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‘Justice League: No Justice #4’ (review)

Written by Joshua Williamson,
James T Tynion IV, Scott Snyder

Illustrated by Francis Manapul
Published by DC Comics

 

“This all seems too insane to work.”

“Hal, all this started because Batman ripped open the door to a dark multiverse and unleashed a literal dragon onto our world that we needed to fight back with magic metal.

Insane is relative.”

Yeah, OK.

So here we have it folks. The final chapter in Scott Snyder’s rewrite/upgrade/full personal re-stamp of the DC Universe, with the long-anticipated completion of No Justice #4, leading directly into a full summer of Justice League mania. By now, we all pretty much have the tenor of the No Justice arc.

I’m sure you can guess its inevitable conclusion. Love it, hate it – it is what it is.

There are no great shocks here. After all, the whole project was designed to justify the new creative reboot of the Justice League with a little extra eye-candy from DC’s most popular characters. So, despite the omega level danger of four hungry space gods set to consume the earth, and a distressing amount of blood-thirsty nihilism thrown in to compound the problem beyond the tipping point (and yes that does sound like a pretty on-point commentary of modern society dammit), nonetheless our stalwart team of heroes (and villains! remember, think big, people!) all rise to the occasion to avert the imminent, spectacular, destruction of our planet.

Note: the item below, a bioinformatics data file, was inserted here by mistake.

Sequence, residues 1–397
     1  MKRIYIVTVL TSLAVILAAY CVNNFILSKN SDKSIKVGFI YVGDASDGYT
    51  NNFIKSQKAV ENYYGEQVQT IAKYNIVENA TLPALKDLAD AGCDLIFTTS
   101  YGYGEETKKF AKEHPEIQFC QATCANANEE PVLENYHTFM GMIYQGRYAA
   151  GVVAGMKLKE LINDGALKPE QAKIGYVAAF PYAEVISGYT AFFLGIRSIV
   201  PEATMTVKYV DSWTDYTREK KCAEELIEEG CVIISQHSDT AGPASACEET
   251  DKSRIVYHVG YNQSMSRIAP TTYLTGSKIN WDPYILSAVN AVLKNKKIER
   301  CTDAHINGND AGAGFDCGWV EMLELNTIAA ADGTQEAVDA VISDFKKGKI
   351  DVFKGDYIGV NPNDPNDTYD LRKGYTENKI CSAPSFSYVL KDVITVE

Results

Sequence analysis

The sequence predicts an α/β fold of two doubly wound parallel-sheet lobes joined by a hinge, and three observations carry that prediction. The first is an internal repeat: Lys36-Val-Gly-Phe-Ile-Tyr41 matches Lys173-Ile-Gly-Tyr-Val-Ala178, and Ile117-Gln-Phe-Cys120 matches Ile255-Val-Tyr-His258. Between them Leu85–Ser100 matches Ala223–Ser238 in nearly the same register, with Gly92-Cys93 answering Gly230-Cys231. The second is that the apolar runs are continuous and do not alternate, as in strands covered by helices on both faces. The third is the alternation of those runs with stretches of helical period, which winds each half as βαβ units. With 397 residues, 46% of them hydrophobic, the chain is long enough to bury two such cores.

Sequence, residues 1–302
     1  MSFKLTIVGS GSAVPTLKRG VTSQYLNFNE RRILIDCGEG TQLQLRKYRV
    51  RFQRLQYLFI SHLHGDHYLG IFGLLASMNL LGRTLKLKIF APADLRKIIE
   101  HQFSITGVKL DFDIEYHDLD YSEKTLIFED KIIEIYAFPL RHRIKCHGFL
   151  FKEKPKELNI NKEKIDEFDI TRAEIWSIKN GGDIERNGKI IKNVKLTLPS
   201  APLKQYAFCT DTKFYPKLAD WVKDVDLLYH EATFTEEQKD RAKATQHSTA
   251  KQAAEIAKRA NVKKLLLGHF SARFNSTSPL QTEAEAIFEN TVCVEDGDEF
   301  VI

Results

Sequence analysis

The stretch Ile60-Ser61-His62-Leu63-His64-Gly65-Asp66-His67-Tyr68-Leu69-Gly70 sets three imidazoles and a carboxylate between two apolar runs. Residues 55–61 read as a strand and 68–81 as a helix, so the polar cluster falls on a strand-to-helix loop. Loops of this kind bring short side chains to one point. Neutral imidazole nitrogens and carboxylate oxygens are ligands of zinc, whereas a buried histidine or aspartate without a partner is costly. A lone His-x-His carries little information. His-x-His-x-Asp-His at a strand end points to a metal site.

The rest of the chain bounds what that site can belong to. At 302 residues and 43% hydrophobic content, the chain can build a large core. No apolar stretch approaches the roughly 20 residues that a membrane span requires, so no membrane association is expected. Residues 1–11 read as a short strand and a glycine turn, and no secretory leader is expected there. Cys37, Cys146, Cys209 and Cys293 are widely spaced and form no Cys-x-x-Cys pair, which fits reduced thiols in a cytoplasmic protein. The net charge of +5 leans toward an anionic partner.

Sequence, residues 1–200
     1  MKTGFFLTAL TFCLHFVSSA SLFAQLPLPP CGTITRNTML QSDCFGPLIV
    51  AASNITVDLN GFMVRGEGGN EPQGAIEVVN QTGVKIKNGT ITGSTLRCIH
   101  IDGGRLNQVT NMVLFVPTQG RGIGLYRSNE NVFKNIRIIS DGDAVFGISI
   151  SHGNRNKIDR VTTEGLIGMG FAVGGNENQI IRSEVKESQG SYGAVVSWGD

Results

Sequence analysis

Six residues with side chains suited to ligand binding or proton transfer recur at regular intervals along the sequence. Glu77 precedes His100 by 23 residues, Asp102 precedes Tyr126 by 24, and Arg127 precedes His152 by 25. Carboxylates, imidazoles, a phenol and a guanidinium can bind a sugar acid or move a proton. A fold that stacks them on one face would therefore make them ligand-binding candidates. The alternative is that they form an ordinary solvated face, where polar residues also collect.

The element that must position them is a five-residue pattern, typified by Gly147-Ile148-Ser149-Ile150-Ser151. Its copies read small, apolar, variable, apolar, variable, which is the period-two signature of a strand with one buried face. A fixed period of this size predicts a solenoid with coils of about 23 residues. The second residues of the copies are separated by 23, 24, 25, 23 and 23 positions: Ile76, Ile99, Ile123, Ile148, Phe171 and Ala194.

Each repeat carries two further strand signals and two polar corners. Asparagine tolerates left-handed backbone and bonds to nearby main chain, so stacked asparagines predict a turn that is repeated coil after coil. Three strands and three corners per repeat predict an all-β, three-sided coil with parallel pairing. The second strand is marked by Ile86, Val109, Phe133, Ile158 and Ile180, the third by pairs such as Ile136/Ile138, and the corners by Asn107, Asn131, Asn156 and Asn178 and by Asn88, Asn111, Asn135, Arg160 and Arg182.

All in time for shwarma. Or at least June.

Look, there’s nothing at all surprising about the Justice League taking on epic threats with impossible odds, coming together to save the day with feats of heroism that are akin to (if not actually composed of) magic. That’s their stock in trade, and it always has been. Grant Morrison had an interdimensional war of reality warping Genies, and battles from on High between the holy angelic Hosts. Joe Casey oversaw the breakdown of the laws of truth and relativity. Bryan Hitch just finished introducing his own ancient meta-gods bent upon reasserting their own version of status quo from a previously unknown cosmic history. (Hm.) Hell, Geoff Johns rebooted the whole Justice League mythos entirely (and Cyborg too), straight out of the Motherbox, with his own take on DC’s original Omega level world-threatening danger.

So, it’s hard to fault Snyder and his team for thinking big and working from that mold. But when so much is made out of breaking that mold, I’m going to want to see something more than just a lot of a lot of a lot, with a final resolution that’s more satisfying than just a gleeful over-reliance on the chaotic and the in-credulous – one with maybe a bit more emphasis on, say, the truly wise and wondrous. I mean I’m all for the Hail Mary play, but there’s just a bit too much seat-of-your pants, don’t think too much about the not-falling thing unless you want gravity to take over, going on throughout this reboot for my taste. Personally.

Mind you, that may be the point of all this. Unfortunately, it’s a little murky what the final point of all this actually is. It’s notable that earth’s most active World Tree – highlighting it as the dominant energy of our species, it seems – is the chaos of Entropy (really? yeesh); and also, that the combined efforts of our New Justice Leaguers has either been responsible for releasing much more of that Entropy into the world, or for consuming It entirely within the combined symbolic satiation of Wisdom, Mystery and Wonder. (Nomnomnom)